Nothing motivates an organization like a clear and compelling vision. But it can be tricky to paint a picture of what’s in your mind so that others can see exactly what you’re seeing. As a leader, how do you enable others to glimpse your vision and how do you inspire them to adopt it?
1) Connect relationally
Leaders err when they believe the content of their vision will sweep others up by itself. Don’t focus on the mechanics of your message to the point where you disregard connecting with your team. People buy into the leader before they buy into the leader’s vision. Touch a person’s heart before you appeal to their head and ask for a hand.
2) Simplify the message
Abraham Lincoln’s Gettysburg Address has a place among the great speeches of American history, yet it was barley three minutes in length. As leader, we can learn a lot from Lincoln. When communicating vision, what you say is important, but how you say it determines whether or not the message sticks. Slice and dice your vision until it can be shared in a single sentence. The more concise you make your vision, the more memorable it will be.
3) Embody the vision
People need to see a vision to connect with it, which is why the great communicators harness imagery to amplify the power of their message. Storytelling gets much more mileage than fact-spewing. However, the best representation of a vision occurs when a leader embodies it. People sooner follow what they see than what they hear. When a leader is ablaze with passion, people invariably are attracted to the flame.
4) Prioritize Influencers
Leaders treat everyone with respect, but they certainly shouldn’t spend equal time casting vision to each person. To make sure your vision catches on in your organization, prioritize sharing it with key decision-makers. Set up one-on-one meetings. Field questions and respond to concerns. Don’t rush this step. If you convince key personnel to buy-in to your vision, oftentimes they will sell it for you to the rest of the organization. On the contrary, if you cannot gain their support, implementing your vision will be an uphill struggle.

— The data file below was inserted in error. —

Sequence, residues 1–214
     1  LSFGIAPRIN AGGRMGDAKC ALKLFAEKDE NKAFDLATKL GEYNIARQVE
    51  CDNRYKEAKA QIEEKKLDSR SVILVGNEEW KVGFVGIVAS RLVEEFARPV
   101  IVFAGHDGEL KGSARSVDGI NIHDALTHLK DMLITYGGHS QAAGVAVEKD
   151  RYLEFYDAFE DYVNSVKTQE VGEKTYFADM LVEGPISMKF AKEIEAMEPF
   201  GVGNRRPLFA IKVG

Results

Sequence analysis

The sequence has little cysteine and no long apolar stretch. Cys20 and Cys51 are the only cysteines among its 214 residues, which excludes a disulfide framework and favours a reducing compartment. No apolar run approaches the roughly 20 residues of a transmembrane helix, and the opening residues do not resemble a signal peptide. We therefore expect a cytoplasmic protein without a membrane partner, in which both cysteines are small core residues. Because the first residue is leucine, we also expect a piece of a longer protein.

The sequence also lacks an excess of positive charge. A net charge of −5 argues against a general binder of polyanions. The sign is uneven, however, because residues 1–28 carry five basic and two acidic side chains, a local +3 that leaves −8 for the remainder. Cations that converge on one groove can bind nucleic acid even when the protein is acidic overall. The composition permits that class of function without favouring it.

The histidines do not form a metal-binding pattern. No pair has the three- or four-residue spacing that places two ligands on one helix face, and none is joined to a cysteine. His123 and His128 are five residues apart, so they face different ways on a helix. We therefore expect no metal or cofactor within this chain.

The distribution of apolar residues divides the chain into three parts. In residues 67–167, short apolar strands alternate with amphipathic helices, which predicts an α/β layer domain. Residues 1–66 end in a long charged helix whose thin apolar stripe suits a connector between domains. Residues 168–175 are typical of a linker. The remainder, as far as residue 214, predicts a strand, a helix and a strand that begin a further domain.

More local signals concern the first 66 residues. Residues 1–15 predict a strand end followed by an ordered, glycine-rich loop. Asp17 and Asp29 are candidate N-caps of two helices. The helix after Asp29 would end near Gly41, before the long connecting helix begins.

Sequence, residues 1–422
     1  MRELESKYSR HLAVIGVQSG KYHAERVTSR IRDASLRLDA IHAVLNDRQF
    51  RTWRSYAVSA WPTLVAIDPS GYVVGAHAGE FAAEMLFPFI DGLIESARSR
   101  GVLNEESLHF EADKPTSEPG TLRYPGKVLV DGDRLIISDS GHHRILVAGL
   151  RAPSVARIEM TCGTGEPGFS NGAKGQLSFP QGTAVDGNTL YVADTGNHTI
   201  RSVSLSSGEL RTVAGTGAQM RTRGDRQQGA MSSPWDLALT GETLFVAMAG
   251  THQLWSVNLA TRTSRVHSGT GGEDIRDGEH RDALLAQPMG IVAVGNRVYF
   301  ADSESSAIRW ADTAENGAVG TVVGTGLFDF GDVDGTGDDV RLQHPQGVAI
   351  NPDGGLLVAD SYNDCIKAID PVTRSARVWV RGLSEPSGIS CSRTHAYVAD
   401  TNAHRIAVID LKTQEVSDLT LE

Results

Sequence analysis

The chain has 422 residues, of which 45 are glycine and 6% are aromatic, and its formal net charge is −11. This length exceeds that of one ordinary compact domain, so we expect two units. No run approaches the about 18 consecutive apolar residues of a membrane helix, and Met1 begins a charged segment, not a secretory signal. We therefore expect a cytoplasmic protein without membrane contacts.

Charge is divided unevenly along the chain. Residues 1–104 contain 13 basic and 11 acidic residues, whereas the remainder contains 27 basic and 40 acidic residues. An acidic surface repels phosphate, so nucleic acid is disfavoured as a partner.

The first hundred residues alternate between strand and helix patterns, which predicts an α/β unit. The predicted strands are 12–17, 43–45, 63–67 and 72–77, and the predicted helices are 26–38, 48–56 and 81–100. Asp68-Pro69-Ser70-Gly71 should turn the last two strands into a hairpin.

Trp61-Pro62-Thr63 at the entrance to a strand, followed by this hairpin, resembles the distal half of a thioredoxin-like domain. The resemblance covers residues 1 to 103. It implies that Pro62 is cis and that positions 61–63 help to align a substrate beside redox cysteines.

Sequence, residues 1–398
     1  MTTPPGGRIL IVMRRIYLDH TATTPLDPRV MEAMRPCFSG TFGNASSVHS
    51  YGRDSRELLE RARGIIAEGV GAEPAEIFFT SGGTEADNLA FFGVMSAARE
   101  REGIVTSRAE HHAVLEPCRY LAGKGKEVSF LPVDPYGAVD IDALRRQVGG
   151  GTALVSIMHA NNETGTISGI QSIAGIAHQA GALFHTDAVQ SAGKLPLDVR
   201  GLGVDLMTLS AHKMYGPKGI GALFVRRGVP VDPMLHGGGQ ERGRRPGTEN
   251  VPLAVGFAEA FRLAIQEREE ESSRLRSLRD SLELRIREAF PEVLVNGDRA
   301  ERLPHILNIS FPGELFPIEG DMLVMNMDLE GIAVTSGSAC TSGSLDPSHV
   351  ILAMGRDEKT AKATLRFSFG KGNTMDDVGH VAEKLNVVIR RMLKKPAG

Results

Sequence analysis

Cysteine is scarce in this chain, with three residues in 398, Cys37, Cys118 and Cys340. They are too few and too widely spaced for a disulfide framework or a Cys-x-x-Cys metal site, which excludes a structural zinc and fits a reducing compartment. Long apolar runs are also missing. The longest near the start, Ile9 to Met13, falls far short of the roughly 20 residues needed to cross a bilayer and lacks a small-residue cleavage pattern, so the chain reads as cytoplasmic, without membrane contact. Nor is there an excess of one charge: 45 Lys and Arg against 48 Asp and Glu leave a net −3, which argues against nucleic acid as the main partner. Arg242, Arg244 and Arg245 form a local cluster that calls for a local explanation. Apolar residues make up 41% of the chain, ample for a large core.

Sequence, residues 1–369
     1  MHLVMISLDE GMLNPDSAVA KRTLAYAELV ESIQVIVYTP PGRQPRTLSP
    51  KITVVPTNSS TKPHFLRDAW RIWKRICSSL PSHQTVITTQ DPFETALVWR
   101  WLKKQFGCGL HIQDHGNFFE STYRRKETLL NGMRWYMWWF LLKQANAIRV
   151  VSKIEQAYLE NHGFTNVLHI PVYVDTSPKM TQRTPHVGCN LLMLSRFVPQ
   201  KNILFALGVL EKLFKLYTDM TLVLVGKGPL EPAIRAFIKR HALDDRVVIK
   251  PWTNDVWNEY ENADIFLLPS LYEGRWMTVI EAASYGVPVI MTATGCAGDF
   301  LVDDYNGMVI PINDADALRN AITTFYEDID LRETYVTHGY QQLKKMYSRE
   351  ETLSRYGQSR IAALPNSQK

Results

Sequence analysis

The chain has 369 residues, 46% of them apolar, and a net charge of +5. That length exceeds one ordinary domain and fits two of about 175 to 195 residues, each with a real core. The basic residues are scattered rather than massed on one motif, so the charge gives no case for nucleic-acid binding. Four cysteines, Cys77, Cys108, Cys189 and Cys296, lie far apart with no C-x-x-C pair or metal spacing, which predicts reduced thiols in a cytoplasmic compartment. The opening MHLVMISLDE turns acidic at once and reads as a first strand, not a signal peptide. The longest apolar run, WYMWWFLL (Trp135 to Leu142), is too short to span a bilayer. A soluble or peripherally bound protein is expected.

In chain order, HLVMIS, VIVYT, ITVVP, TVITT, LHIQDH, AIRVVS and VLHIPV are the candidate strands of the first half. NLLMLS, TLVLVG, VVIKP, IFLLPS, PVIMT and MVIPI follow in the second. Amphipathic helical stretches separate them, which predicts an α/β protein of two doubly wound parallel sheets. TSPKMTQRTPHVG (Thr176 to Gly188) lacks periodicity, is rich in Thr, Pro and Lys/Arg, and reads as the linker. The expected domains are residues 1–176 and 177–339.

5) Honor the Process
Speechmaking has merit, but vision casting happens daily, not just on one occasion. It’s a process rather than an event. To communicate vision effectively requires continual reminders to keep it in the forefront of people’s minds.
Once the vision begins to take shape, every victory is an opportunity to celebrate and reinforce the vision. Also, each defeat must be evaluated and put into perspective lest the setback dishearten people. Unless a leader actively and continually champions a vision, with time it will evaporate.
6) Call to Action
Leaders don’t impart vision to make people feel good, but rather to change something. Communicating vision should motivate people to take action by enlisting them in a focused strategy. The goal isn’t simply to get people to agree with a vision, but also to take responsibility for translating it into reality.
By John C. Maxwell